Saturday, October 18, 2008

Toward a barrier-free heart

It’s been quite a week. Ben spiked a fever Tuesday night and was wakeful all night while it ran its course. Wednesday I had a meeting with Benjamin’s team at school: the teacher consultant, both his pre-school teachers and his occupational therapist. What I heard was daunting. Adaptive clothing to soothe his need for sensory input, his constant movement and challenges. His difficulty with crossing the midline in body movement and participating in group songs or movement. In spite of these things, I also heard that children are drawn to him and want to play, that his verbal skills are so good he teaches the class new words, that he negotiates well when he can hold his anger in check. Sleeping fitfully the night before did not make this meeting any easier.

From there, I picked up Benjamin and went to the pediatric ophthalmologist. While we were waiting to see the doctor, Ben surprised me by writing an “E”. He’s been making a "B" for a couple of days, but I didn’t know he knew an “E.” The eye exam revealed a stunning fact, however, he is far-sighted, and with a huge difference between his right and left eyes. The doc said in kids they sometimes don’t suggest correction, but he said with Ben’s exam, it would not be wise to forgo glasses. He said he really can’t see much up close.
From there we went to the optical shop and picked out frames: unfortunately there is not a model which is unbreakable and unlose-able. That evening, as if the simple diagnosis helped him, my son succeeded in writing his whole name, BEN, on his chalkboard in his room. This was a huge accomplishment, and in fact was an IEP goal for the end of the year!

And then we had a consultation as a follow up with the FAS clinic folks. More evaluations are needed there: the dreaded ADHD inventories came out, then a neurological consult was recommended, and finally a genetics referral. On the way back from that meeting, Ben was talking about Polar Express and said this: “What comes out of Polar Express’s funnel is smoke, actually, not steam, Mom.” He then continued by patiently explaining the dynamics of crossing the track covered with ice in such a way that the “locomotive” did not drop through the cracking ice, complete with hand gestures which would have rivaled the most expressive Sicilian.

Sometimes it’s hard to remember he’s only four years and nine months old.

I have been awash in conflicting emotions, emailing friends about it because I’m too emotional to talk on the phone about it all. I am by turns angry with his biological parents and sad that his first mother was so gripped by addiction to alcohol that she couldn’t stop bathing his developing brain in ETOH. I won’t be able to protect him from ridicule because he is different from other kids, then I realize that’s a projection more about me than him. I endlessly replay the parade of experts we met this week and the counterpoints after each meeting—the gems of Ben-ness set against each frightening diagnosis. He managed to have a very big victory at each time I thought I was hitting bottom, buoying me and reminding me that Being Ben is a mystery which is still unfolding, full of potential and unexpected gifts which defy measurement by the experts.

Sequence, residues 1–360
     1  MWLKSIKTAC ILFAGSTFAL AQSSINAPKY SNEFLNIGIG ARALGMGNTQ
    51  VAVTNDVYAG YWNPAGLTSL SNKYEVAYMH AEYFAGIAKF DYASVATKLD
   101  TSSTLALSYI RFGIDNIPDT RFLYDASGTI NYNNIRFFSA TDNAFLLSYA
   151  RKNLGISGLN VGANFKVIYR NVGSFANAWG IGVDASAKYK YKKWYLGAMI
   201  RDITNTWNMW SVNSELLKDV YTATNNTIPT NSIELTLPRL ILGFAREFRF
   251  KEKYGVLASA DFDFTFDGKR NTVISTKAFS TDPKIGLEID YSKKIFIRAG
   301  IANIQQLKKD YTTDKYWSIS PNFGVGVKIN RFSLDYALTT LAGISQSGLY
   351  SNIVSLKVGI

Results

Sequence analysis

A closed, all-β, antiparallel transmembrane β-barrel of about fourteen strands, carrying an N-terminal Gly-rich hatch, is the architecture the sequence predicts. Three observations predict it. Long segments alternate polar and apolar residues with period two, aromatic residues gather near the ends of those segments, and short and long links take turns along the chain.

Benjamin has gifts he was born with which balance the burdens his pre-natal life placed on his shoulders. We are blessed with good friends who gave me realistic and hopeful feedback and support, offering to answer the phone whenever I needed to talk, planning visits to Ann Arbor, reminding me that I need to reach for my own oxygen mask before I can help Ben breathe.

One of those precious friends offered this: “Benjamin has only one real barrier: It’s whatever you know in your heart is beyond him. Everything else is meant to be the markers he will pass over, under or simply go around as he pursues his own goals.”

What I know in my heart is that I don’t know the barrier. Each time I think I do, Ben reminds me that, actually, I know nothing about his limits and everything about how he passes our markers and blows by the lines we draw for him.

The Amazing Benjamin with his art and, of course, a car

"Untitled" and "This is a mountain, this is a village"


Jayne said...

((((Cindy)))) Sometimes, no words are needed. I just know. Love to you.

Cynthia Bostwick said...

Thank you, Jayne, I know you do, and that helps more than you can imagine! Pinot grigio also helps, lol.

Jessie Shagena said...

I am catching up on all of your blogs that I've missed. Your dedication and optimism for Ben and is beautiful and inspiring.

Speaking of beautiful, that art work! Jill and Tony have a house full of paintings that Cate and I have worked on together and she has named as well. My favorite is "the ocean and the boat keeper". Deep right? So deep.

Today she named three paintings for my new appartment "Catalog Cat" "Purple Eggs" and "Two Faces Dancing"